During the coming months, JPR will be collaborating with the Seattle-based non-profit journalism organization InvestigateWest to produce a series of stories that explore different aspects of Oregon’s timber economy with a focus on how they play out in Southern Oregon.
InvestigateWest was founded in 2009 by former journalists from the Seattle Post-Intelligencer newspaper and now partners with newsrooms around the country to produce independent investigative and explanatory journalism on public health, the environment and government accountability. During the past six years InvestigateWest has worked with dozens of editorial partners, including major national news organizations such as The New York Times, nbcnews.com and The Guardian.
The goal of this project is to develop new original, fact-based journalism that sheds light on important topics central to the economy and ecology of our region and to provide a foundation from which citizens can engage in meaningful civic discourse about these issues. The project will combine InvestigateWest’s extensive expertise in data-driven reporting using public record archives, complex data sets and exhaustive research with JPR’s on the ground knowledge of the issues, people and organizations that work in Southern Oregon forests. It is our hope that this reporting not only uncovers important data, but also puts faces on the facts to paint a holistic picture of the issues we examine.
JPR’s Liam Moriarty will lead this reporting effort here at JPR, producing feature clusters that will air in Morning Edition and will appear online at ijpr.org. We are also hoping to have several companion pieces that will be published in the Jefferson Monthly.
Here’s an overview of the issues we intend to explore:
The Fire Conundrum
In the face of what’s expected to be another busy fire season, we’ll be examining solutions to the accumulated unnatural build-up of fuel in the forests. Only a small fraction of the forest acreage that needs fuel reduction work is actually being treated and each fire season, money budgeted for thinning and prescribed burning is being spent on fighting fires instead. We’ll be looking at the scope of the challenge, what’s being done — and not being done — and some innovative efforts to reduce the threat of catastrophic wildfires in the region.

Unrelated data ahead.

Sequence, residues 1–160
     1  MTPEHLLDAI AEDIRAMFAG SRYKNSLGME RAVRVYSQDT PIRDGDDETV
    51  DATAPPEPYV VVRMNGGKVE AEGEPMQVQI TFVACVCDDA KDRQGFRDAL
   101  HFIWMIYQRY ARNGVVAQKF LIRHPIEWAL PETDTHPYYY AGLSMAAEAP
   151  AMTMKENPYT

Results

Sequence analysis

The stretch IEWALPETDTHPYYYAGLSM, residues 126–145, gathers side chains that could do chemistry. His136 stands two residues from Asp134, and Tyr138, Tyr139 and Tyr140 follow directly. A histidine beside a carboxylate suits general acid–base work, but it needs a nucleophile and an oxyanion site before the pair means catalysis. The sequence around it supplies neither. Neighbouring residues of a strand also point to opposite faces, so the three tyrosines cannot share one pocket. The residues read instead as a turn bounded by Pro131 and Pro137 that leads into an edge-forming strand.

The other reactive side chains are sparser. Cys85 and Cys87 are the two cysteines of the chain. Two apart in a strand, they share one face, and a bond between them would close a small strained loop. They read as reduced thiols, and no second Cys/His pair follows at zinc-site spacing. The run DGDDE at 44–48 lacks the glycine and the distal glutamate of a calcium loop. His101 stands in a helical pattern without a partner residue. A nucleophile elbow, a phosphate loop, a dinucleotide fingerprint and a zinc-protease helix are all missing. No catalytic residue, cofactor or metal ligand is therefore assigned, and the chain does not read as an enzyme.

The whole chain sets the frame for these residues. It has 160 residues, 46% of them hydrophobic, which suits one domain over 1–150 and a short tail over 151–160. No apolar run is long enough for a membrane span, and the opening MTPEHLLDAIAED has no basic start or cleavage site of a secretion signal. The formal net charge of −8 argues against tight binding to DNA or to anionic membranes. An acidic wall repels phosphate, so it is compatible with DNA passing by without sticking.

Wall Street Comes To The Woods
In recent years, with little notice by the general public, the timber giants of the Northwest — Weyerhaeuser, Plum Creek, Potlatch — have been turning into real estate companies that increasingly make their money not from cutting trees, but from selling land. We’ll be tracking this trend, its causes and what it portends for development and land use patterns in the region.
Keeping Timber All In The Family
The “working forests” the timber industry says it values are being gobbled up by development. And a surprisingly large chunk of these forests — especially those near urban/suburban population centers — don’t belong to the large timber companies but are in the hands of small, family-owned timber companies. Tens of thousands of Oregonians own plots of so-called “non-industrial private” forest lands. These are the forests most likely to get sold and developed to send the kids to college or pay for Mom’s chemo treatments. We’ll examine the trends that could accelerate land conversions and what’s being done to discourage it.
We encourage you to look for these stories in the weeks ahead. And, we want to thank you for your ongoing support which makes this consequential journalism possible.
Paul Westhelle is JPR’s Executive Director.